Distressed M&A – Merger control issues and the failing firm defence

In the latest of a series of articles concerning distressed M&A we examine the key UK merger control considerations

11 September 2020

Our series of articles considering the distressed M&A landscape continues, with a look at the application of UK merger control to distressed M&A transactions.

There is no doubt that the coronavirus crisis and imminent reduction and eventual withdrawal of government support has put many businesses at risk of failure. Others will see opportunities from a distressed market. We anticipate we will see consolidation in certain sectors as a result, with merging parties potentially citing the so-called 'failing firm defence' in order to gain merger control clearance where one of the parties is financially distressed. We set out below a summary of the UK merger control regime and some recent developments on the failing firm defence.

UK merger control

The UK merger control regime is a voluntary regime and there is no requirement to notify transactions to the UK Competition and Markets Authority ('CMA'). However, the CMA has the jurisdiction to review or 'call in' transactions that are not notified where (i) the target’s UK turnover is more than £70 million; or (ii) the transaction results in the creation or enhancement of at least a 25 per cent share of supply of goods or services in the UK, known as the 'share of supply test'. The CMA has the power to review completed transactions within 4 months from the later of completion of a transaction or material facts about the transaction being made public.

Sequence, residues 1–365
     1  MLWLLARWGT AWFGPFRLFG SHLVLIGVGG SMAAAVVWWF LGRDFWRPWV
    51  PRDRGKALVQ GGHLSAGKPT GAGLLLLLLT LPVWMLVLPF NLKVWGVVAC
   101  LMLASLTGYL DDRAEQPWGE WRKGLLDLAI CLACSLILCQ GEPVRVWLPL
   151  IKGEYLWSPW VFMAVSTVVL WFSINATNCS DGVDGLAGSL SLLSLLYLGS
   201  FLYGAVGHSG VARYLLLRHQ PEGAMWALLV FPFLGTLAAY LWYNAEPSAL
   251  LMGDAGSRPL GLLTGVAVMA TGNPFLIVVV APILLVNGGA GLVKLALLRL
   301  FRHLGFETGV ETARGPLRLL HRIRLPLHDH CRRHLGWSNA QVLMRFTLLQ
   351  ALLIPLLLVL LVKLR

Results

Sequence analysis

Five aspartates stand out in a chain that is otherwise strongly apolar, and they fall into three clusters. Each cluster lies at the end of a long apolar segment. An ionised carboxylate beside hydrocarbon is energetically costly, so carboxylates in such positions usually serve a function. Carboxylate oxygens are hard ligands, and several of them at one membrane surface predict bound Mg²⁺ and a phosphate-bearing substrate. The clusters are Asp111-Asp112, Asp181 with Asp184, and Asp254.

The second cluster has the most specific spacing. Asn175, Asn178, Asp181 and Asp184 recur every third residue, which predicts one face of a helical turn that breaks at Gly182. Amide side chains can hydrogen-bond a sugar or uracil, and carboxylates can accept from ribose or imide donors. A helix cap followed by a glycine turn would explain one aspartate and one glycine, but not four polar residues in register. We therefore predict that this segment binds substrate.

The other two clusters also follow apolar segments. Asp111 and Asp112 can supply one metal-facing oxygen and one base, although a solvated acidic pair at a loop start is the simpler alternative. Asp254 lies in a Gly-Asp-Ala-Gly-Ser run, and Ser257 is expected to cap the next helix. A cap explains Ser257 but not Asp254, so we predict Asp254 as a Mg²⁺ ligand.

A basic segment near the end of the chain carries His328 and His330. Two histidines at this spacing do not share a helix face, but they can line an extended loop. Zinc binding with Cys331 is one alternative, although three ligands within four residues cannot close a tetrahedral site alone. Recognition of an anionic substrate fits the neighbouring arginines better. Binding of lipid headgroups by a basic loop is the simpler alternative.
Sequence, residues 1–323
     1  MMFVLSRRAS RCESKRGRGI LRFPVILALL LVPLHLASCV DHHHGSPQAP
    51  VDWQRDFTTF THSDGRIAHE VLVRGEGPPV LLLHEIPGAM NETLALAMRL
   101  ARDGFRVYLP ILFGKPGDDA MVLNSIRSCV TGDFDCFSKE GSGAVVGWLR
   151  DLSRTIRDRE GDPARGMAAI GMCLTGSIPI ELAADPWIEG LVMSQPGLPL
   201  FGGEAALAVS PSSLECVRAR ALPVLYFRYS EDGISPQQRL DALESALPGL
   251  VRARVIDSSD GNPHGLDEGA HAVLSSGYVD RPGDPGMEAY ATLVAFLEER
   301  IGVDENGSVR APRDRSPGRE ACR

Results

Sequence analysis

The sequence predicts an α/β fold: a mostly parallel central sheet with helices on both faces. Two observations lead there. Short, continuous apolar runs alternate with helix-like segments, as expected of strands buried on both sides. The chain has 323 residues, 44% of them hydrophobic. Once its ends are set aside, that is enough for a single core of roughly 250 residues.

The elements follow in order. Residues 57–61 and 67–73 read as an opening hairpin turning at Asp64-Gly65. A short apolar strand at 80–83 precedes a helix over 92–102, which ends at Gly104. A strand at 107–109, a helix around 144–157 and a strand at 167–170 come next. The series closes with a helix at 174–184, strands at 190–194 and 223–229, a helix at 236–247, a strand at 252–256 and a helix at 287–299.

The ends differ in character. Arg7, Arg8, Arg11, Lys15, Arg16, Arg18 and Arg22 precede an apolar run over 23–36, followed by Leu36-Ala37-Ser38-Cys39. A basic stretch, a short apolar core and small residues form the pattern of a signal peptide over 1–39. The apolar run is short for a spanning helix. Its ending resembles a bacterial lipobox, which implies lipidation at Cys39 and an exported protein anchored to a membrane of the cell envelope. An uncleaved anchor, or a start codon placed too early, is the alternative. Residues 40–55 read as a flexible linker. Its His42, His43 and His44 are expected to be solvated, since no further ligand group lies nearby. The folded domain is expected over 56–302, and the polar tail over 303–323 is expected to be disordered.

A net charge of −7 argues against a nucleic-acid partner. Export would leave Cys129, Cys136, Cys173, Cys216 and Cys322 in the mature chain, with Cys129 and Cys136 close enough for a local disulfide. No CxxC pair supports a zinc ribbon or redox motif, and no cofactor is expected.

The CMA’s review period should always be factored into deal timing and this is particularly relevant in the case of a financially distressed business, where limited funding and concerns over directors’ duties often mean that an M&A transaction needs to be carried out on an accelerated basis. The Phase 1 review period can last up to 40 working days and the CMA’s pre-notification period can last around 4 – 8 weeks (or longer) which means that the overall process may take 3 to 4 months or longer (in addition to the time required to prepare the merger notice). The CMA has recently published guidance on the application of UK merger control rules during the pandemic. The guidance confirms that the timescales under which the CMA is required to operate have not been altered. However, it notes that the pre-notification process in some cases will take longer than usual because of difficulties in obtaining information from the merging parties and third parties. In addition, the CMA may not be able to start the 40-working day clock where third parties are unable to engage meaningfully with the CMA’s investigation.